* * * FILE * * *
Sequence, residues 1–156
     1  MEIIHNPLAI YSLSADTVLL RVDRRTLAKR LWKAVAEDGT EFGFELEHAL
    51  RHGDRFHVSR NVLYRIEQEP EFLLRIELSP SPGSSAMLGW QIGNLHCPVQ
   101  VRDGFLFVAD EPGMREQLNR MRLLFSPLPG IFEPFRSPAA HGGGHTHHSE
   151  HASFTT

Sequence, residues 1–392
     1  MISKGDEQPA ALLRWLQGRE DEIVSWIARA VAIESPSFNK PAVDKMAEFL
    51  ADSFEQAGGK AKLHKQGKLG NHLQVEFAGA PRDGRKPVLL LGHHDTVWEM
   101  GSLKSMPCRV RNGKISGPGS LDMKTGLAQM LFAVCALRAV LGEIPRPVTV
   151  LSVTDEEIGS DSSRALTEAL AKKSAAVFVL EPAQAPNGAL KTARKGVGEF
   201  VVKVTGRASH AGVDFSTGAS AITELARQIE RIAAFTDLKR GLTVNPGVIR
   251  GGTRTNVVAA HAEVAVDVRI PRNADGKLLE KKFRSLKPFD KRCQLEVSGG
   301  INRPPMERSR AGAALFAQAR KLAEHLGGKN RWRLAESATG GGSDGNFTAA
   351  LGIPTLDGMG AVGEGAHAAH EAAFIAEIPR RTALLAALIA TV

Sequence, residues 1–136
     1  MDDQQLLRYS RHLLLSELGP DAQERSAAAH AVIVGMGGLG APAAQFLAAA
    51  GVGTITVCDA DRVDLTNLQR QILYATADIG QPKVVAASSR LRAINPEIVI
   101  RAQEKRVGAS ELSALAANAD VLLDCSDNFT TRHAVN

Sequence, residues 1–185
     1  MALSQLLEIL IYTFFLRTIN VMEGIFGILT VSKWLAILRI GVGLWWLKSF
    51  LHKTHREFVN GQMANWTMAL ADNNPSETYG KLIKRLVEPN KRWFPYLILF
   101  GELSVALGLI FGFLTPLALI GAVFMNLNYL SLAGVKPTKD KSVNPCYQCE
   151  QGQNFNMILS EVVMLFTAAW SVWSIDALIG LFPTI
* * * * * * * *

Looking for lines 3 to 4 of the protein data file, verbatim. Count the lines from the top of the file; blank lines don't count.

    51  RHGDRFHVSR NVLYRIEQEP EFLLRIELSP SPGSSAMLGW QIGNLHCPVQ
   101  VRDGFLFVAD EPGMREQLNR MRLLFSPLPG IFEPFRSPAA HGGGHTHHSE